On One who beckons.

The board seems now so wide and safe
His toes spread out
His balance now regained
A joyful happy jig.
The tightrope turned into a dance floor

Thank you, Mother.


PS. I think I need to get a new photo of Ming dancing because I am quite sure I have posted this one before; I also need to throw those obscene green shorts (that I bought Anthony for a joke over 20 years ago) in the trash. Why Ming insists on wearing them constantly is beyond my comprehension!


Question: How many times do you begin again?

Answer: Every single day.


Ming's Christmas present 2010 - 'Black beauty'











Julie and Woody best






Blog blessings

I began blogging in November 2011, with no clear intention other than to write something every day, which I have for the most part. The subject matter meandered from birds to Anthony’s Parkinson’s disease, to Ming’s teenage-hood and scoliosis, to our personal struggles. I dabbled in novel and romance writing, briefly promoted my book about Alzheimer’s disease, attempted some poetry, began to write about Anthony’s and my love story, posted pictures, and generally wrote a whole lot of this-and-that.

In view of the miscellaneousness of my posts, I suppose “Wings and Things” isn’t a bad sort of blog title so I’m sticking with that because it allows me to meander in the usual way. This is obviously not good for the stats as themed blogs get more ‘hits’ but, despite wanting to make more people aware dementia sufferers should be treated with more respect, I don’t care any more about the stats.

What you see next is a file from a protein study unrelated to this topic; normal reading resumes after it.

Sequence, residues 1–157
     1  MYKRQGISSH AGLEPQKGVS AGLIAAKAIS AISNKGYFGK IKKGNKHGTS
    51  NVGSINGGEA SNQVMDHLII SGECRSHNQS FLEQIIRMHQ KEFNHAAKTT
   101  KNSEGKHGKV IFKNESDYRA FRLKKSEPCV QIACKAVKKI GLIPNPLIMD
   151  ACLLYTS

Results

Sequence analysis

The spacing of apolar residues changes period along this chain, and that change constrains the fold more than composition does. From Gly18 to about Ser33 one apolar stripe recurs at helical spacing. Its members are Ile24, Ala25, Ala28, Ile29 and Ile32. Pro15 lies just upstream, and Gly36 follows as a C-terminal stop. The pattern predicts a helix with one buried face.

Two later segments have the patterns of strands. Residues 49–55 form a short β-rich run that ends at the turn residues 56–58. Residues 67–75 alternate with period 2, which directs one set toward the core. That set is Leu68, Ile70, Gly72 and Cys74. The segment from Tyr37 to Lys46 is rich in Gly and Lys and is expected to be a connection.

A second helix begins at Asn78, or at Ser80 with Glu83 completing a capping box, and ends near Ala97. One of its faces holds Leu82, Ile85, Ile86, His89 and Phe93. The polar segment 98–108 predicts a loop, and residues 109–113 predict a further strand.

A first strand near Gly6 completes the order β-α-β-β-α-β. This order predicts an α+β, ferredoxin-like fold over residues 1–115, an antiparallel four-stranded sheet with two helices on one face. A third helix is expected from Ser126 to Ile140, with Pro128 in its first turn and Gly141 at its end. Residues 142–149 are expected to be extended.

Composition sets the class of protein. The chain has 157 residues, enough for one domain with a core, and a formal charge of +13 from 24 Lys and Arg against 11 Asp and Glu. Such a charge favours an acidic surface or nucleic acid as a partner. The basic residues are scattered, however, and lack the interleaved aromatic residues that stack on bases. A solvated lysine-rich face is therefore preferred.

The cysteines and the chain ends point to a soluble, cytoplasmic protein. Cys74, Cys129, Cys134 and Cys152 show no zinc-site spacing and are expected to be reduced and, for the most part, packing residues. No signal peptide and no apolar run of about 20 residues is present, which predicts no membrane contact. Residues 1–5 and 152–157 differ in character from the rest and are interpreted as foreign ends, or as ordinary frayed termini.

One of the things that has astounded me about my blog journey so far has been the incredible friendships wrought (with people I may never meet in person), and the mutual support system enabled via WordPress. The blogs I subscribe to are an eclectic mix of bird, photography, illness, writing, grief, dementia and philosophical blogs (to name a few) and it is often very difficult to keep up. The good thing is that most bloggers understand this difficulty and don’t mind if you don’t read their every word/post – phew!

I would never go to a support group, I already have enough friends in my non-blog life, and I am not naturally gregarious, so I am rather astounded at how much I have come to depend on the bloggers with whom I have become close – an extraordinary community made up of some of the kindest people I have ever come across. I also enjoy offering my own friendship and support to these fellow bloggers and this has become a meaningful part of my life.